The Big Mac effect in technology

We can say a lot of things about internet, but can’t say that is not responsible for making regular civilians a little geeks. After internet, no matter your age, sex, or profession, people is involved in technology. If you work in marketing, you know about technology, if you work in finance you know about technology, if you work in logistics, you know about technology.

The problem is that, as you can imagine, not all of us are experts in everything, and that’s alright. The problem is that at some point it seems that we don’t know exactly what we don’t know and the result of the lack of knowledge in technology is “believing that computers can do anything”.

The GAP between what people believe technology can do and what technology can really do is getting to a pretty bizarre situation.

The level of over promise is so ridiculous and disconnected from reality that we can call it the Big Mac effect.


We can can classify the “overpromise” in two different types:

1. Things that can’t be done: With the information we have today, Artificial Intelligence is a mere set of algorithms, or conditional format processes that can help us generate outputs after processing an input (data sets). Some Wikipedia collaborator added the following phrase to the definition that I found pretty clear “Colloquially, the term “artificial intelligence” is applied when a machine mimics “cognitive” functions that humans associate with other human minds, such as “learning” and “problem solving”. Mimic is a keyword here. Is not really generating a “learning or problem solving” solving, but emulating it. You can put a cat in front of a book, and even when it seems that he is reading, he is not. He is not, because he can’t. 

Computers can’t replicate Natural (human) Intelligence, at least they can’t with the information we have today. The key is the “self consciousness”. We have no idea what it is and how it works, and then, we can’t replicate it.

However a simple way of identifying what can and what can’t be done by computers in scientific terms is, we can mimic “intelligence” in those cases where we have a limited set of values each variable of the model can take, we can’t mimic intelligence in those cases the values of each analyzed variable tend to infinite. Text recognition has a limited set of values each variable can take, then is possible. Text interpretation and “understanding” tends to have infinite set of values each variable can take, then is not possible. Al least, as I said before, with the level of knowledge we have today. So it’s importante to separate between:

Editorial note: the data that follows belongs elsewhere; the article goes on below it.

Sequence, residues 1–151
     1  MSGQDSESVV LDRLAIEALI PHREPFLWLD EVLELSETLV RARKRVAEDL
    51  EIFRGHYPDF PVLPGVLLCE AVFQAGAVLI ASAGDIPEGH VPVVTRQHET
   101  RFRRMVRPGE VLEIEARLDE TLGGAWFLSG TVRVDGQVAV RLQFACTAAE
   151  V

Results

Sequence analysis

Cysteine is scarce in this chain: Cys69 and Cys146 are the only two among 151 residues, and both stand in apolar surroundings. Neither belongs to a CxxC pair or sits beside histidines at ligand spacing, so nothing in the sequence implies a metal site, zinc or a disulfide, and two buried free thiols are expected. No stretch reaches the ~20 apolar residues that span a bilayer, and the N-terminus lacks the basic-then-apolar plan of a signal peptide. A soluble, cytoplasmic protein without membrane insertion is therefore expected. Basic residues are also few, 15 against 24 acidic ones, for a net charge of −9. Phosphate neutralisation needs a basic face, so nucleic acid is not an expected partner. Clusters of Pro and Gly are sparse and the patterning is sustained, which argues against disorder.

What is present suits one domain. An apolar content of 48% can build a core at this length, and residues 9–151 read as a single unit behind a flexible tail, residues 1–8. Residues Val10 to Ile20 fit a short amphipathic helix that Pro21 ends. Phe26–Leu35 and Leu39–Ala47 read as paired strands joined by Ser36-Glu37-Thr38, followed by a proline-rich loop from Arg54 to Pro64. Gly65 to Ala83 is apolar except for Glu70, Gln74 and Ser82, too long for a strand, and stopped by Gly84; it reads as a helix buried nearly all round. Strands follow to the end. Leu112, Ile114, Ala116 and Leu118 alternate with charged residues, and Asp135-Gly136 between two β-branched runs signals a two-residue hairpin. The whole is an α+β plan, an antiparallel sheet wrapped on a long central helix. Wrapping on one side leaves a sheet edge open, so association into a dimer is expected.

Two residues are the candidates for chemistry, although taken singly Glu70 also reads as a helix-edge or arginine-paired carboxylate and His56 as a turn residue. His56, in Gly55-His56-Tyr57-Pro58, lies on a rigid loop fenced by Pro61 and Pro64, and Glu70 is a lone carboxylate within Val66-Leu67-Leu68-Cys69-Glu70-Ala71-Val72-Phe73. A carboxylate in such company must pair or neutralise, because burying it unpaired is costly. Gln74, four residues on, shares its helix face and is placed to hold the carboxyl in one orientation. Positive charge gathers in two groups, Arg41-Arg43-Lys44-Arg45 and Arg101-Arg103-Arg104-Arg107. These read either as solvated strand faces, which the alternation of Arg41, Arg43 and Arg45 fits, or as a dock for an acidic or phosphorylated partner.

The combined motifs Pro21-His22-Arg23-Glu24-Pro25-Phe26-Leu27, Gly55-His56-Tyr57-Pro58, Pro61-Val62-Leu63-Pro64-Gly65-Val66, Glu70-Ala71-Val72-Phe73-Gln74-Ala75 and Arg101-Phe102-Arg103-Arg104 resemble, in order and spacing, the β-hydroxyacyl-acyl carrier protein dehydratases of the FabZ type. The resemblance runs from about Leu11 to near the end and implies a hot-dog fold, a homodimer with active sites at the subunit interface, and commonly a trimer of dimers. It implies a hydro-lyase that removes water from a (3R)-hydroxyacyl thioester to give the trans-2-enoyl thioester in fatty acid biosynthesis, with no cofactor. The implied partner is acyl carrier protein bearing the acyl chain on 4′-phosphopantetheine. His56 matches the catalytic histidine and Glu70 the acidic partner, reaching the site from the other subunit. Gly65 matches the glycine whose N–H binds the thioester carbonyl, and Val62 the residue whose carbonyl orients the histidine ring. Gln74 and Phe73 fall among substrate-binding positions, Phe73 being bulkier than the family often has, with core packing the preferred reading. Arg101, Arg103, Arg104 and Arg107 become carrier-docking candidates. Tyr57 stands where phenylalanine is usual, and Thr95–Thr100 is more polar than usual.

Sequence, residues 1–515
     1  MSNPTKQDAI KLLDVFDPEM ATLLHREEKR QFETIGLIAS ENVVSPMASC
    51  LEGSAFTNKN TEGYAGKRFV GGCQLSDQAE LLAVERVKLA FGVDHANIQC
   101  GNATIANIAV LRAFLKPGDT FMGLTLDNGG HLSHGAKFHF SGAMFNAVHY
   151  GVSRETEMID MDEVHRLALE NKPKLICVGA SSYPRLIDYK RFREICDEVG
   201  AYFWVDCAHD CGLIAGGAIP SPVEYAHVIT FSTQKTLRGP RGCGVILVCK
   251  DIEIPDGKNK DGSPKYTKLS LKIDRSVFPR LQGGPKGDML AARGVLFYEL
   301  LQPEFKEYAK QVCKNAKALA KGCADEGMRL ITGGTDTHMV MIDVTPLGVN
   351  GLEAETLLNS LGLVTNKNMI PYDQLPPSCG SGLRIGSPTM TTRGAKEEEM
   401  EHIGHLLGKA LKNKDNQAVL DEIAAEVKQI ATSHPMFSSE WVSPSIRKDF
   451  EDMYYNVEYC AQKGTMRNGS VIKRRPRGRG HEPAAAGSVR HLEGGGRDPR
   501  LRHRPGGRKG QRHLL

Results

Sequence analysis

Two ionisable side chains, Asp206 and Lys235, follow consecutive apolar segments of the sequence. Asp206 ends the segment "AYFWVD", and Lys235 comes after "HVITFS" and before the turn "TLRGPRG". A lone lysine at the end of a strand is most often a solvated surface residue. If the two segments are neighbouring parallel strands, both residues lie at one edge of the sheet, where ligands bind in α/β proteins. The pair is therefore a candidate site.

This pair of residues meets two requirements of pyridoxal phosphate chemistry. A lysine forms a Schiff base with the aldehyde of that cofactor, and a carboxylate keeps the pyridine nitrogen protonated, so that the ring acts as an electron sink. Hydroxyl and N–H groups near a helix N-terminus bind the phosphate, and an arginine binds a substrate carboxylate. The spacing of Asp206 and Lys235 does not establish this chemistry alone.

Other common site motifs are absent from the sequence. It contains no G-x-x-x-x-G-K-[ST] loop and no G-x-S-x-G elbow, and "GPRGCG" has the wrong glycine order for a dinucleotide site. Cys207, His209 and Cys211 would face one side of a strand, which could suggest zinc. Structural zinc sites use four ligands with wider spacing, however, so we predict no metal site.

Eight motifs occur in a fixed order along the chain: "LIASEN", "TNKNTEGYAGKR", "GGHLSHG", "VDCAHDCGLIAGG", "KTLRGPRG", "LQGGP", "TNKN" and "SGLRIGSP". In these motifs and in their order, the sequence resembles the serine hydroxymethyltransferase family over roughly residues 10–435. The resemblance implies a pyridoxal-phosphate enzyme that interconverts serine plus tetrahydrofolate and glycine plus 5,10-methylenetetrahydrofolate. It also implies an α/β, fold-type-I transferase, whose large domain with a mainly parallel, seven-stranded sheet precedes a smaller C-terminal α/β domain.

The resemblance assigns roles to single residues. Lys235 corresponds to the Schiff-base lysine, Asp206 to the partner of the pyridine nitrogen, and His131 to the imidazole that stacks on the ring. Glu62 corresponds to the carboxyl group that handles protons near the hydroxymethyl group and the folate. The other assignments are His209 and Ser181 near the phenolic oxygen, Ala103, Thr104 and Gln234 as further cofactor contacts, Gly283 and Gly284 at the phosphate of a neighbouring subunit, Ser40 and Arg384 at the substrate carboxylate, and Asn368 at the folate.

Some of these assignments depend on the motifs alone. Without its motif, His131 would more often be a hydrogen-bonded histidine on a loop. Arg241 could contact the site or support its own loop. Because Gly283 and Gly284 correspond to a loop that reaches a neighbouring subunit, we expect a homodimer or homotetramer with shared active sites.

1. R&D: There are thousands of very interesting projects working on AI, even trying to mimic “consciousness” (artificial consciousness) in labs. Most of them can’t be used in production. The main problems are:
      1. The level of certainty is low.
      2. Unable to even determine a level of error.
      3. The processing level we have today is not enough.
    2. Production: This are the ones that after being developed, tested and evaluated, where release to the market. There are no projects today that really replicate human intelligence in production stage.

As the famous phrase says, “in theory, theory and practice are the same, in practice they are not”.

2. Things that can be done, but not by the company making the offer: Business presentation are getting so extremely sophisticated that at some you don’t know if people buy the project because they really trust that is what they need or because they don’t want to say they have no idea what is it about. It’s kind of crazy when some companies present the rocket science project and nobody ask questions, it’s so obvious that nobody understands what’s all is about that at some point is like a formal deal…”if you don’t want me to lie you, don’t ask me questions”.

How can we avoid “hyperbolic proposals”? Simple, every time someone presents you a proposal just ask how are they going to make it. The more you ask, the better. You don’t need to be an expert, just ask them the questions and be sure you add that into the contract. Also, ask different players from the vendor side, how are they going to make it. Go into details, all you can.

You can say, what’s the problem with being a “little” exaggerated in a business presentation? The answer can be ethical, because is not truth. Or can be practical, there’s no need to. In any case the output is always negative. When you under delivery you generate a negative impact in your brand, ergo the purchase intention towards your company product or services and finally in your company value. Also, every failed project will negatively impact in the intention of people towards adopting new solutions, developing a “data driven culture”.

I’m not saying that we have to change the Big Mac. More than 550 million Big Macs are sold each year in the U.S. alone. But at least we can work a little on reducing the gap between the “commercial” and the “reality”.

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